Thus, the interpretation adopted by the Authority is disproportionate to the purpose of the commitments, as PMU’s competitors are able to enter into equivalent partnerships, under the same conditions and with the same advantages as PMU: the practice in question does not undermine the equality of arms between online horse betting operators[24].

II.     Reaffirmation of the strict interpretation of commitments

In its solution, the Paris Court of Appeal also recalls that, like any binding measure, the commitment, which is an obligation of result, is to be interpreted strictly in favor of the party making the commitment. Consequently, as the commitments are essentially defined in terms of the competition concerns, they are intended to address, the preliminary assessment of these concerns must be sufficiently precise and unequivocal as to their scope to allow monitoring of compliance with the commitments[25].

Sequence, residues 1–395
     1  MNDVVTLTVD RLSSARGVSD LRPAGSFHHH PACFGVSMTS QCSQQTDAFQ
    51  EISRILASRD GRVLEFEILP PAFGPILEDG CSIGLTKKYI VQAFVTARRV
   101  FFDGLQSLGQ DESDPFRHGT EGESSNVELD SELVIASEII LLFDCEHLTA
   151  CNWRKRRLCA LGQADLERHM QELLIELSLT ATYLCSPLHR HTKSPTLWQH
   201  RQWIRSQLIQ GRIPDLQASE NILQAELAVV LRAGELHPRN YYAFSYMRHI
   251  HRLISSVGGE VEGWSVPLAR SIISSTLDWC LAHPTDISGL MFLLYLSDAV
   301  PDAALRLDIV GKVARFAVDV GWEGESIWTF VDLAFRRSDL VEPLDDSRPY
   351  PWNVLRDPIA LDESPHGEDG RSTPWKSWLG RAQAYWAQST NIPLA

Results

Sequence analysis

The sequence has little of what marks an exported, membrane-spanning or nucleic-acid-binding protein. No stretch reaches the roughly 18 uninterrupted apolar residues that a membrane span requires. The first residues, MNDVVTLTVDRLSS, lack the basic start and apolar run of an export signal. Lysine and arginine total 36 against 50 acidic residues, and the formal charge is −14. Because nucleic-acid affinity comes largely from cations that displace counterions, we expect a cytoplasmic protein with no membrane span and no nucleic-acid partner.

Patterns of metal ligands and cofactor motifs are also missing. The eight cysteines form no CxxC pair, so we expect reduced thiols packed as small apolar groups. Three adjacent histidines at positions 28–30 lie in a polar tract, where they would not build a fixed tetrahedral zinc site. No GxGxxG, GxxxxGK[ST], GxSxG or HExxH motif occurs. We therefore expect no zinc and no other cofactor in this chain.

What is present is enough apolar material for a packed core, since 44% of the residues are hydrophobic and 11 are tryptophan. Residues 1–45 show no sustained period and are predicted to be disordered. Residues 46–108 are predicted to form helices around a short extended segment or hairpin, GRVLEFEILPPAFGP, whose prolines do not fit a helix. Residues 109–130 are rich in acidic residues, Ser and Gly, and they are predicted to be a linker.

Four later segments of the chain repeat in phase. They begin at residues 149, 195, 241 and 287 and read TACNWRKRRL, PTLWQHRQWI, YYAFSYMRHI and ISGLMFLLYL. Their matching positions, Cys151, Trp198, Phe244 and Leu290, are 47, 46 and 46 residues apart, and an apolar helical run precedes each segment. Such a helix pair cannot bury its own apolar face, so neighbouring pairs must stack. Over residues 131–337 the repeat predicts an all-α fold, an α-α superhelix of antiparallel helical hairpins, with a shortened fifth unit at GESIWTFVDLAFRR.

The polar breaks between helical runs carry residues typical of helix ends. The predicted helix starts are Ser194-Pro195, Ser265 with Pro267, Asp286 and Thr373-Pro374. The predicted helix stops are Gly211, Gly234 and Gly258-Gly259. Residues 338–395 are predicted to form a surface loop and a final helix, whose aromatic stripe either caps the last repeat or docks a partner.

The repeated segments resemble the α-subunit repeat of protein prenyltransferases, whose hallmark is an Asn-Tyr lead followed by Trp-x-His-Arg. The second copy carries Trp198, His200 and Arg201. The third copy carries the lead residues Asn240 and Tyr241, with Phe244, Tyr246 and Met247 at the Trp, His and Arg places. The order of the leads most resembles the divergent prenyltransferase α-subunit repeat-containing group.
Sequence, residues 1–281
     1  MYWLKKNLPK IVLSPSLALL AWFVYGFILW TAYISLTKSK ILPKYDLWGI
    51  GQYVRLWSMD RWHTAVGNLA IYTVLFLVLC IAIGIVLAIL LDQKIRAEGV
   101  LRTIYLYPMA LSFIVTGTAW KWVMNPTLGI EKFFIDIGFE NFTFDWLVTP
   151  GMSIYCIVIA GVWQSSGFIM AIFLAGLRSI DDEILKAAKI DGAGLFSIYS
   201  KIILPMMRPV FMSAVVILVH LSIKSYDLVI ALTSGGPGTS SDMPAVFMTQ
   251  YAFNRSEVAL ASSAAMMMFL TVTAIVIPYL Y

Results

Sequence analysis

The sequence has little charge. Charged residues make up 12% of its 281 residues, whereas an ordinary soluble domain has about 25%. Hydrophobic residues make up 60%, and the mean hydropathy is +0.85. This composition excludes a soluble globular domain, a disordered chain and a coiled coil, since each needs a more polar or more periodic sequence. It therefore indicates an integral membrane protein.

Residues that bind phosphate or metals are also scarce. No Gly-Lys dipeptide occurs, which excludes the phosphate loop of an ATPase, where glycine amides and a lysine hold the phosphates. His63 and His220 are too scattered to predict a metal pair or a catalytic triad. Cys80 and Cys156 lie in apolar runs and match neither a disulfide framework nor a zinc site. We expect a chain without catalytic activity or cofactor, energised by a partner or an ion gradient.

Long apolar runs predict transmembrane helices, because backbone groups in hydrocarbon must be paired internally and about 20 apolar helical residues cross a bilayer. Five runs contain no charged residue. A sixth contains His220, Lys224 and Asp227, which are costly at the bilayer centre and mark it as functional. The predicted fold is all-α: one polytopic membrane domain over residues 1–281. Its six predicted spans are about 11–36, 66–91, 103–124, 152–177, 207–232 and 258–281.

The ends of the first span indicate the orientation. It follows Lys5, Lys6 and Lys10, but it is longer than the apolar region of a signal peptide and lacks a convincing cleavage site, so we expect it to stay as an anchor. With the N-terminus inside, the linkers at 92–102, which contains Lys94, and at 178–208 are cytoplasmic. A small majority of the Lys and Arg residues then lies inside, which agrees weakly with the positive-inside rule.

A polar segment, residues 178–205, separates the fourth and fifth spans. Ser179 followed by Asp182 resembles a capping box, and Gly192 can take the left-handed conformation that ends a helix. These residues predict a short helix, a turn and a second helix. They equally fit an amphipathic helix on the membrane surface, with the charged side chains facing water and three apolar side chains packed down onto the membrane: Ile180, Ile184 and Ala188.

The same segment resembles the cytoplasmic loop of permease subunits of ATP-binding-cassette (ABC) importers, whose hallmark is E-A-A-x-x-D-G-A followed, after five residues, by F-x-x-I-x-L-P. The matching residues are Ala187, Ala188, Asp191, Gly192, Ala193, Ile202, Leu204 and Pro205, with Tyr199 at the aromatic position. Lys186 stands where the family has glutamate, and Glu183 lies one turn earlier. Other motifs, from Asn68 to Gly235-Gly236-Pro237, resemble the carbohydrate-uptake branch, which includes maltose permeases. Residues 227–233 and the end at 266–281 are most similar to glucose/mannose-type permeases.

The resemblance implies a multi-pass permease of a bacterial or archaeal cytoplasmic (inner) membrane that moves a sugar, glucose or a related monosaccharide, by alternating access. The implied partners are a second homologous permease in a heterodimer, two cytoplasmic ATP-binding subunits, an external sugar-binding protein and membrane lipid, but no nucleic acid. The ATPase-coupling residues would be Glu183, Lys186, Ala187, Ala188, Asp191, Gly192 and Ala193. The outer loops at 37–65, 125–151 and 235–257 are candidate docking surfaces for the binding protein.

On this point, it specifies that if commitment n° 1, written in general terms, does not limit its application to certain types of horse betting, nor to the only bets collected that it totals and distributes, it must be noted that it uses a possessive (“its unique pool”) which can be understood as referring to the pool of stakes that it collects, manages and distributes itself, which therefore does not concern partnerships relating to foreign races[26].

Moreover, in its decision n° 14-D-04[27], the Authority defined the geographical dimension of the relevant market as only the national market, international races not even being mentioned[28]. Foreign operators, partners of PMU, were not even included in the market test. Also, the appointed agent, who concluded that the PMU had perfectly fulfilled its obligation to separate the stakes pools, mentioned several times the situation of international races, without this eliciting the slightest reaction from the Authority’s investigation services[29].

Consequently, and contrary to what the Authority maintains, the competition concerns that originated in the operation of the PMU’s mutual betting on French races did not include foreign races in their scope. As a result, when it proposed its commitments, PMU could not reasonably consider that it should include its activities of taking bets on races organized by foreign operators, to which Decision No. 14-D-04 of February 25, 2014 did not devote any development, or the slightest investigation, particularly during the market test[30].